Fixing a Broken Guitar String: String Breakage Survival Guide


How to fix a broken guitar string?

What do we do when one string breaks suddenly?  Should we buy new strings and replace them all? Just replace the broken string? Can strings be fixed?

People ask these questions and get varied opinions online. This post will answer those questions and show you two ways to remedy this problem without calling or carrying your guitar elsewhere.

I’ll also give you some string-breaking prevention methods you can start using today.

Start now!

Remove the headstock string first.

Turning the tuning pegs clockwise (or loosening the string) does this. Use your hand or a string winder to save time. Keep going until the string comes off the string post, then remove it from the little hole in the string post.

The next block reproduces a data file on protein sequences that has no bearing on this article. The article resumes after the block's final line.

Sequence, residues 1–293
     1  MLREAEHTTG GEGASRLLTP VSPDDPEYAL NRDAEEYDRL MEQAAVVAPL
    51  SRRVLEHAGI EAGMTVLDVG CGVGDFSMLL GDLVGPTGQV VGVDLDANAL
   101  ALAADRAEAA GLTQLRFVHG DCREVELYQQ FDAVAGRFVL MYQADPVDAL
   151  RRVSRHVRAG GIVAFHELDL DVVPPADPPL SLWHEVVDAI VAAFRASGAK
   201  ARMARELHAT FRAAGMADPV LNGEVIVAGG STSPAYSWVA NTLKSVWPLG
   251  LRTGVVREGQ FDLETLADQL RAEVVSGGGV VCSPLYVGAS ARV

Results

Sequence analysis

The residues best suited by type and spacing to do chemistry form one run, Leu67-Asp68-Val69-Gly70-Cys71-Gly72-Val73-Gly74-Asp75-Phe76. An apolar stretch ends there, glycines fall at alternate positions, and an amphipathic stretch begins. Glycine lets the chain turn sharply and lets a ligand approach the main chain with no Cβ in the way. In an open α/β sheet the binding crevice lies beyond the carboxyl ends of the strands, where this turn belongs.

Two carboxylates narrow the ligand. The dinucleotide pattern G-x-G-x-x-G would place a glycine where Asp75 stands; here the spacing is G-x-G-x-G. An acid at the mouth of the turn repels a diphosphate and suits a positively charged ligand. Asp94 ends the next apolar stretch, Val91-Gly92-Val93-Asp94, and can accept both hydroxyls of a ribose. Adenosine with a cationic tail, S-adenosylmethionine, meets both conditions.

Remove the bridge string.

Bridge pins secure this string end. Pushing and holding a pin maintains one string in place, and drawing it out removes it.

Pull the bridge pin holding the broken string with your fingertips. However, most pins are strongly locked in place and require pliers to remove. Don’t force the pins out or they’ll break.

After removing the pin, pull this end of the string from the pinhole. To secure the new string, don’t lose the bridge pin!

Avoid cutting someone with your old thread by tying it up before throwing it away!

How Do You Put a New String on an Acoustic Guitar?

Insert your new guitar string’s little round nut into the bridge pinhole. Press the bridge pin into position with your finger.